Who cares about Senate sideshow?
As the fog of politics descends on the Privy Council-CCJ debate, we can more easily make out who had set out to claim the title of martyr and, although Senator A.J. Nicholson could not help himself by coming across as abrasive, it does appear that Senate President Floyd Morris was not trying to play politics, as some have said.
I have repeatedly made the point that although our people have become more aware of current issues because of the exponential increase in interactive media, there are still some matters that are assimilated differently as one moves down the socio-economic ladder.
Although the man at street level is certain to be impacted by it when the final switch to the CCJ eventually occurs, the items that tend to occupy his mind and life in the living room and during a dinner discussion are the poor state of his community roads, the high murder rate and youth unemployment.
Following on that are finding bus and taxi fare for the children attending school, along with the lunch money. The monthly struggle with utility bills is also up there as a major concern. More disposable income and a stomach that does not have to worry about the next meal will allow in the 'esoterics', but the woman at street level is not as taken up with the details in a letter being waved around as much as the retention of a job that gives her four days' work each week.
Where the thoughts of the middle class as a collective body and that woman will share common concerns is with the dead babies scandal. Very few people are now gazing at Minister of Health Fenton Ferguson and not wanting him to be separated from his job.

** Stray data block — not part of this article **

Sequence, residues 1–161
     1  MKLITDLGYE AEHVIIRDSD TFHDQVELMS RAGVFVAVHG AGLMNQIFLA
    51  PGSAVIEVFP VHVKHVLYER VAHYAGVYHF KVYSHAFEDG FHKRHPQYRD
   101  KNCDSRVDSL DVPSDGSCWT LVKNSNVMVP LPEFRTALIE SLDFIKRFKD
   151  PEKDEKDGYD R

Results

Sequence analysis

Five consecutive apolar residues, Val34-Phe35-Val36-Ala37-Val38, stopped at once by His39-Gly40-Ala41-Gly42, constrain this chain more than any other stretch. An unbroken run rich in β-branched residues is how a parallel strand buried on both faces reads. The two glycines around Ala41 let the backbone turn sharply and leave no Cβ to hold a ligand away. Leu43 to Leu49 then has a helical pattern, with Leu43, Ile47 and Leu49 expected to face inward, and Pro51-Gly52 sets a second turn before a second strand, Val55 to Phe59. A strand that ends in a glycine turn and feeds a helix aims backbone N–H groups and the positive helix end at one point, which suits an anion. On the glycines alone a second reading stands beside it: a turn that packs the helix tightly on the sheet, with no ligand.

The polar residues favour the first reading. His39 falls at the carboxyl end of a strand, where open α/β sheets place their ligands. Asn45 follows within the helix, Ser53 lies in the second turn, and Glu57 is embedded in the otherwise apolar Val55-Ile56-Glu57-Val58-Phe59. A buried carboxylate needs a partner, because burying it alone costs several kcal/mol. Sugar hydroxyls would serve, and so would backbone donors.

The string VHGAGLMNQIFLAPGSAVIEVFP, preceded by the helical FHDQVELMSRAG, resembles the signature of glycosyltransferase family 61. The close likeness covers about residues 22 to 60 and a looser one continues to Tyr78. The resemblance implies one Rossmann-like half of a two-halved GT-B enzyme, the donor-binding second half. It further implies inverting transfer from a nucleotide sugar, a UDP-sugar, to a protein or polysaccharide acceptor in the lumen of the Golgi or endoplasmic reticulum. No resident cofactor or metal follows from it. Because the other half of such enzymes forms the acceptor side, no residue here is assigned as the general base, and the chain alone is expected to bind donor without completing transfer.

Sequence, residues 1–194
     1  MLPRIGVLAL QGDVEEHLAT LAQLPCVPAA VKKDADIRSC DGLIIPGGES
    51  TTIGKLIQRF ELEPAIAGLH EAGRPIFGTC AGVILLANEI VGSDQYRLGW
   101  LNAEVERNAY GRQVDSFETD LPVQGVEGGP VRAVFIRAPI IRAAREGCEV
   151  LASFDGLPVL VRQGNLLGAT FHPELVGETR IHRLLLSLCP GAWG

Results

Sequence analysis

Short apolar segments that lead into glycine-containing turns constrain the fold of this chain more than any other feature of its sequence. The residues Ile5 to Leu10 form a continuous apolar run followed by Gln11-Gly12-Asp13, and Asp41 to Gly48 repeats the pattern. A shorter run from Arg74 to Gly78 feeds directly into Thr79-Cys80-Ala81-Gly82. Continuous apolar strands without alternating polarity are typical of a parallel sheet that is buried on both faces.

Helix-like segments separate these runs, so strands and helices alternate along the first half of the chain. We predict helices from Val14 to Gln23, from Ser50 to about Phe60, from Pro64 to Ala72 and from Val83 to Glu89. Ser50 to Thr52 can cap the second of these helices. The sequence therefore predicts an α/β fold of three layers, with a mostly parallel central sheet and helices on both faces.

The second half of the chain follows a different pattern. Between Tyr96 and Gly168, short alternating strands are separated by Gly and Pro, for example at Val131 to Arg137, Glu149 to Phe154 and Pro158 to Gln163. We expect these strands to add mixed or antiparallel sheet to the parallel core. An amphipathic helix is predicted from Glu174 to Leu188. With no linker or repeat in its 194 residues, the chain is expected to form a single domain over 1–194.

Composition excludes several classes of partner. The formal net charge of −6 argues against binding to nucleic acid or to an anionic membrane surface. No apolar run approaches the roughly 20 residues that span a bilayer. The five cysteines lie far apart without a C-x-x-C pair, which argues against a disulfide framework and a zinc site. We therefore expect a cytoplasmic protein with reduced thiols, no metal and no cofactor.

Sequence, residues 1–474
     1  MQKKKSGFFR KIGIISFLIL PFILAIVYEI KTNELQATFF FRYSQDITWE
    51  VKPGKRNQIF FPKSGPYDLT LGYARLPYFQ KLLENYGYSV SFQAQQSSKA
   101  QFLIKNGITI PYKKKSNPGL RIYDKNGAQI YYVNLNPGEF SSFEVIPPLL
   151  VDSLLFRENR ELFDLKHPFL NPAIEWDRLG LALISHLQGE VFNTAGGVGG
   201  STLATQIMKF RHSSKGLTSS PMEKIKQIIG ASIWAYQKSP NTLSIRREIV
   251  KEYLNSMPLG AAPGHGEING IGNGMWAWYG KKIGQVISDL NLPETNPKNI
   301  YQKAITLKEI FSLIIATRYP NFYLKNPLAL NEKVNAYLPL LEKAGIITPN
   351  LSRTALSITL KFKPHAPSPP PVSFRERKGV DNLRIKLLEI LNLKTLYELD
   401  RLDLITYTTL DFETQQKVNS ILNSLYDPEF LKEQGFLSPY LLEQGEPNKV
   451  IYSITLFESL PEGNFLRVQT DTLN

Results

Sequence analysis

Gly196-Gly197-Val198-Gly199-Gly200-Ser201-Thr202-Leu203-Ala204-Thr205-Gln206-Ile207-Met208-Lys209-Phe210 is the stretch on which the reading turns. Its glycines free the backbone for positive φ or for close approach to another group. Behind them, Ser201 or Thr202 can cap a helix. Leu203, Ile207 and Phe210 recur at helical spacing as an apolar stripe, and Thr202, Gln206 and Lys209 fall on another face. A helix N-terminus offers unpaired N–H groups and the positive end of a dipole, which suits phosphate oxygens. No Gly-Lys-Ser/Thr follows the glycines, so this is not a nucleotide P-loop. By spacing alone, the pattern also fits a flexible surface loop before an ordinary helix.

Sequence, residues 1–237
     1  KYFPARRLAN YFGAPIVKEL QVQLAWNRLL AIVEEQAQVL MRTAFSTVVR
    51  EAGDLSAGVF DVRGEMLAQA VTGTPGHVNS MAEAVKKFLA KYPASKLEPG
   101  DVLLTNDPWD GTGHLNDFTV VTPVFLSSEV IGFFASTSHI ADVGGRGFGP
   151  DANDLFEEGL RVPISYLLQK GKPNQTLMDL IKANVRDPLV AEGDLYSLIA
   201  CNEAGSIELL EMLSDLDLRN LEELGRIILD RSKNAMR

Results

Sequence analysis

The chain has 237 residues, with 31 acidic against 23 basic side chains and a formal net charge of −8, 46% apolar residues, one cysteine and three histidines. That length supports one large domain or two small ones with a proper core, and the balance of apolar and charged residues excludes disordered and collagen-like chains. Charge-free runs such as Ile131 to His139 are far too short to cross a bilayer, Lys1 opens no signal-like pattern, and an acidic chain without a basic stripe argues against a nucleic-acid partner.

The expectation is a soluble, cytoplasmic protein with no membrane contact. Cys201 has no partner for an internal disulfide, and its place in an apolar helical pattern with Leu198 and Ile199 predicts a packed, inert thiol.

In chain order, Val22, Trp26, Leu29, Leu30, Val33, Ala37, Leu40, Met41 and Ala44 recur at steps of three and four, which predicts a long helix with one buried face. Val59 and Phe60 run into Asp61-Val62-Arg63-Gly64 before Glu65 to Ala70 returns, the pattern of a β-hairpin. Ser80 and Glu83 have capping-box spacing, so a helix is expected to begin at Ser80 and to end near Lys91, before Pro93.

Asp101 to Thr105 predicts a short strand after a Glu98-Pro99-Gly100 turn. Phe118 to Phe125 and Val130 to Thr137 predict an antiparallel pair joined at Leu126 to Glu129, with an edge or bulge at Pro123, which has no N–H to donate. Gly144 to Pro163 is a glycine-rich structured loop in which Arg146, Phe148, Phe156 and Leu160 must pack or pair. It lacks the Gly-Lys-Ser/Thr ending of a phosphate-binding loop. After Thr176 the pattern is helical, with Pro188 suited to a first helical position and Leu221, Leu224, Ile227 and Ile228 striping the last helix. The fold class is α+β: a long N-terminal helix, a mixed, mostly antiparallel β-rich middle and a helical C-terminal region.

It was not surprising to me that the PM's first comment on the matter gave the nation more than the impression that Dr Ferguson was more cemented in his post, even as he continued to encourage his own foot-in-mouth disease.
As the election engine revs up, many gears are gritting and more smoke is coming from the engine than speed. Previous opinion polls usually measure trends that take into consideration 'all things being the same.' In other words, the comparative strengths of both the PNP and the JLP assume that it will move in a certain direction and, even if the numbers change, there will be no radical shift.
The irony of that is, the reality of the election season makes it impossible for any of the major players in both political parties to be gaffe-free and for the PNP administration to be not prone to any major policy breakdown at this time. And, of course, as one side uses fog to cover up the smoke generated by the other side, the truth comes down to how strong one party's colours are relative to the other.
The PNP wants CCJ. The JLP wants to keep the Privy Council. The nation wants less violent crime, more jobs and no dead babies.
Is PNP or JLP better
On a Facebook post, Owen James stated recently: "Watching carefully to see whether political aspirants with business training will lobby for better business laws or support the status quo."
We have long moved past the days of Michael Manley's democratic socialism and Eddie Seaga's statist version of market-oriented policies and direction.
One would be hard-pressed to get our prime minister to tell us what her general view of business in Jamaica is. I am certain that her technocrats will tell us that the PM supports better business laws, but it would be interesting to determine how strong she believes is the business lobby on her party to maintain the status quo.